As for hydrogen peroxide delignification, a different trend was noted. Considering the relatively low weight loss and insignificant differences in lignin content after iterated processes (which might indicate less effective removal of the lignin fraction) it can be expected that the effect of hydrogen peroxide delignification on subsequent enzymatic hydrolysis will be lower among the three different treatments. The carbohydrate conversion after 3 iterations of hydrogen peroxide delignification was about 27% for glucan and 63% for xylan. Between the HW-HP-2 and 3 samples, the xylan conversion was raised by 44 percentage points, but only about 16 percentage points for glucan. Hence, the effect of hydrogen peroxide delignification was more significant on the enzymatic hydrolysis of hemicellulose than that of cellulose. It has been reported that the cellulase enzyme cocktail (NS50013 + NS50010) can degrade xylan fraction in pretreated biomass, and the supplement of xylanase did not affect the xylan conversion yield significantly (Xu et al. 2011). High susceptibility to xylan degradation due to chemical and structural changes by delignification might be responsible to the high enzymatic conversion yields in delignified HW samples.

Sodium chlorite delignification exhibited a similar trend with oxygen delignification, with a steep rise in carbohydrate conversion for both glucan and xylan. It was also observed that HW-Ox-3 and HW-SC-6 had similar conversion yields. As shown in Fig. 1a, HW-Ox-3 retained about half of its initial lignin, but most of the lignin fraction was removed from HW-SC-6. This might indicate that the change in lignin content does not play the sole role in the increase of carbohydrate conversion viaenzymatic hydrolysis, and that there are other factors that might affect the efficiency of carbohydrate conversion. This will be visited later in this study.

Figure 2b shows the enzymatic hydrolysis of delignified cellulosic material, -cellulose. As for both oxygen and hydrogen peroxide delignifications, an increase of up to about 10 percentage points in the carbohydrate conversion was observed. A noteworthy observation is that there were clear differences in the changes of carbohydrate conversion between HW and -cellulose samples. Hardwood feedstock, in which carbohydrates account for about two-thirds of the mass, initially showed only about 2.5% carbohydrate conversion after enzymatic hydrolysis, but the yield increased significantly after all three delignification processes. In contrast, -cellulose, a nearly pure carbohydrate with high cellulose content, accounted for about 53% of the total carbohydrate conversion, but it was increased by less than 15 percentage points after oxygen and hydrogen peroxide delignification processes. This might indicate that the existence of lignin hinders enzymatic hydrolysis of lignocellulosic biomass (Mooney et al. 1998; Fengel and Wegener 1984) and that delignification processes can also alter the structure of carbohydrates, which can affect the subsequent carbohydrate conversion by enzymes (Gould 1984; Cara et al. 2006). As for the high xylan conversion, the majority of xylan was removed during delignification, and the xylan content decreased to a few percent in delignified α-cellulose samples. It was noted that this remaining xylan portion might be easily hydrolyzed even with cellulase enzymes.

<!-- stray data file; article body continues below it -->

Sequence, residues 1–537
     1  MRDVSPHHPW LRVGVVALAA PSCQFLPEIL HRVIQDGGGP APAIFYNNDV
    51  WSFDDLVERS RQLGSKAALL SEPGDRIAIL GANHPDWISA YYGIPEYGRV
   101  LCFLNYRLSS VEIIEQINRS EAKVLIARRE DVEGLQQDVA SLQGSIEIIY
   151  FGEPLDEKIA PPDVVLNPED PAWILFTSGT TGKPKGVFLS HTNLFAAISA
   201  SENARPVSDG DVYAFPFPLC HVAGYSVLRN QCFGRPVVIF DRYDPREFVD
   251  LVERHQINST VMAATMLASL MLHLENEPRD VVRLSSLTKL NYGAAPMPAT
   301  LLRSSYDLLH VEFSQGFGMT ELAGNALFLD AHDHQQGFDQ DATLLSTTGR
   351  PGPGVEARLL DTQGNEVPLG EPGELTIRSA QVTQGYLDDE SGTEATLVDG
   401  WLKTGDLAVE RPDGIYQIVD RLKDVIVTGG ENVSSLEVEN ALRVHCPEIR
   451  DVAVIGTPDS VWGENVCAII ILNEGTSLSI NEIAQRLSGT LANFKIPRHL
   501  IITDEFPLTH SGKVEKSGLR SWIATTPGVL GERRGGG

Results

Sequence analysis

Sodium chlorite delignification on -cellulose samples clearly showed a different trend than other processes. After more than four successive additions of sodium chlorite-acetic acid mixture, the carbohydrate conversion was substantially decreased. Considering insignificant changes in the solid yield and chemical composition (Fig. 1b), this might be related to structural alteration during the delignification process, which can physically hinder enzymatic hydrolysis.

Fig. 2. Carbohydrate conversion after 96 h of enzymatic hydrolysis, based on each carbohydrate component in (a) HW samples and (b) α-cellulose samples

Water Retention Value and Enzyme Accessibility